Things are normalizing. Which, I guess, is why the “profundity” of the sober lifestyle is being lost a little bit on me. Like, I find myself getting annoyed whenever I think or talk or read or write about not drinking. Am I still sick, or can I believe that I’m healed? I feel like things are getting back to normal. I really feel it to be true. The “normal” before I got sucked into the drinking vortex–the obsession, then the need to drink in order to get excited about doing just about anything.

Yes, being sober is GOOD, but, well, good like a grilled cheese sandwich is good on any continent and in any language. What I’m saying is, I remember not drinking as being normal, and this, this sober thing is simply the new normal. Not profound, not really a big deal. Just my new normal.

A hard-won new normal, that is.

I’ve already told you that I believe “alcoholism” is a mental *disorder*–this implies, of course, that I also believe that I can take away the “dis” and be left with the “order”. In the real world, I’m not so sure how this will pan out. I feel like I could drink and not go overboard, but…feelings aren’t facts! I sort of believe that I could probably stop after two glasses, but I’m definitely not sure I would want to. Would I throw caution to the wind and get shitfaced, with all the resulting drama that comes with blacking out? Or, would I be able to “control” that urge? Or, would that urge simply not be there, and I’d realize after two glasses that I’m drunk and I “should” stop?

Technically speaking, I could drink. I have my own permission, in a sense. I made it to 180 days, which was my goal. Healed or no, I can technically drink. The past few times when I actually had a craving–and, let me say, I never imagined that they would subside to almost nothing, but my cravings pretty much don’t exist the way they used to–I dismissed it. I thought, Eh, I don’t want to feel drunk. I don’t want to feel that wave of acid rush down my stomach. I don’t really have a reason to drink–I don’t need to drink, so why bother? I’m happy without the booze, how would it make things better? Like, I actually THOUGHT THESE THINGS.

Granted, I’ve been at this for a little over 15 months. Still, it’s almost like I don’t have the energy to drink. Or, I don’t want to blow it, and I could, I guess, if I drank. Even if I didn’t get that drunk, it might put me back a day, or two; or, I’d feel guilty, or like I’d lost momentum/self-reliance. Sobriety guarantees certain outcomes, like, waking up and being able to try to get work done/get work done. I’m making incremental steps forward in the freelancing, and this is good. I wish I was doing more, and going faster, but lately I’ve realized that for whatever reason, I have to take things slow. And that includes work. Baby steps, and don’t overdo it, and turn it off at a certain hour–these, along with not drinking, are my new normal.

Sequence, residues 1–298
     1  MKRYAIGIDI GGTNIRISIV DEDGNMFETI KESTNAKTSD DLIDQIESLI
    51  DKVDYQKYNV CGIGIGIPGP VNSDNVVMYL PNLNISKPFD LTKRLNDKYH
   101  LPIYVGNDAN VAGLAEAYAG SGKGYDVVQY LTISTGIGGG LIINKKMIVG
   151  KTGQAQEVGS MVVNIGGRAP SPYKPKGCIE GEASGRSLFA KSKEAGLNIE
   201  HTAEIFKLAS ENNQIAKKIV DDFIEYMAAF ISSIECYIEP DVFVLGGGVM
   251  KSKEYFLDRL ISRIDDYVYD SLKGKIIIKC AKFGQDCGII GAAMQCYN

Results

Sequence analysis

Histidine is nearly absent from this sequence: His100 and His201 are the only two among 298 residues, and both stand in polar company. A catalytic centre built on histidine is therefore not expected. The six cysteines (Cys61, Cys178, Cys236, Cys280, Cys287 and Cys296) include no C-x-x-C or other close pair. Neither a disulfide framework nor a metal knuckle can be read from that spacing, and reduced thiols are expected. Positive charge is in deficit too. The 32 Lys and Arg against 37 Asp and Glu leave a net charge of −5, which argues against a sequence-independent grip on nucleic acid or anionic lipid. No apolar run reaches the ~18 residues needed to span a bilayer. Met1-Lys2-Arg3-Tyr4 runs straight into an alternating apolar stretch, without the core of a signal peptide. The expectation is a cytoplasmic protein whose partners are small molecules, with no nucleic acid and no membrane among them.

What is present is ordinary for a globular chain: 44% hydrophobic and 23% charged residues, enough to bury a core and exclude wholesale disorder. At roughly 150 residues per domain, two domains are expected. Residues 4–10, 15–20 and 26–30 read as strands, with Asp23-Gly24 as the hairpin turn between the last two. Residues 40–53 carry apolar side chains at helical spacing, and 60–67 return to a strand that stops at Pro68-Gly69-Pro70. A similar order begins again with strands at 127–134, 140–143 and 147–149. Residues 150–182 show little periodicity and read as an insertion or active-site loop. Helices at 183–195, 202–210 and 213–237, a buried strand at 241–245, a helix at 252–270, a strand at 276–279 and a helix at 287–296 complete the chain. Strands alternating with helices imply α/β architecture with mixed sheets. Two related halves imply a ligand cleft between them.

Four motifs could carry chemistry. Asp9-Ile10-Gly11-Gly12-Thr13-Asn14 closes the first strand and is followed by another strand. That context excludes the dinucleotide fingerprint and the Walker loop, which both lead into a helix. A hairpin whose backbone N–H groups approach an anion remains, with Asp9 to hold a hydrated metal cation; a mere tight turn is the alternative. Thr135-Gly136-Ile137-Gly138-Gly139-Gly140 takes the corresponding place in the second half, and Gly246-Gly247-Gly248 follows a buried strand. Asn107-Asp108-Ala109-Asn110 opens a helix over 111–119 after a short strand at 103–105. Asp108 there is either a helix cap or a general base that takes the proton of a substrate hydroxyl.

I also am beginning to enjoy working to live instead of living to work. On the other hand, my energy is coming back, SLOWLY but surely, and I’m actually looking forward to getting out more, picking up some part-time volunteer work, trying (at least one) new things that don’t involve what I’ve always done (intellectual reading/writing-oriented work). These are my goals, specific to me and my own personal neuroses. Just like my drinking “triggers” are specific to me. It’s dawned on me once again just how personal a sober journey can be.

I know that most people outside of this sobersphere (and AA) simply don’t GET the significance of getting sober. Of choosing a sober lifestyle. And, eventually, I might forget why I’m doing this. Every day so far since I quit, though, I wake up and look at my life through my sober glasses–maybe I’m not doing this or that because I got sober, but I’m definitely doing it with more purpose and more gratitude. So, we cling to it, this sober lifestyle choice, and celebrate it, and throw unicorn parades with our glitter balls and sober cars. Because it works!

It’s working! Something has clicked, has shifted. Maybe it’s simply the cravings fucking-finally-god-DAMN-it subsiding, maybe it’s me becoming my “old” self, maybe it’s me accepting my “new” self? Whatever it is, it’s working!

And that, my friends, is why it’s all quiet on the equatorial front.

I can imagine myself setting a new goal, another 180 days–we’ll see. I’m not thinking about drinking, things are quiet, and I have a lot of work to do. If the next six months are like the past six months, they’re going to blaze by, me in the saddle trying to hold onto my to-do list as the wind rips it to shreds!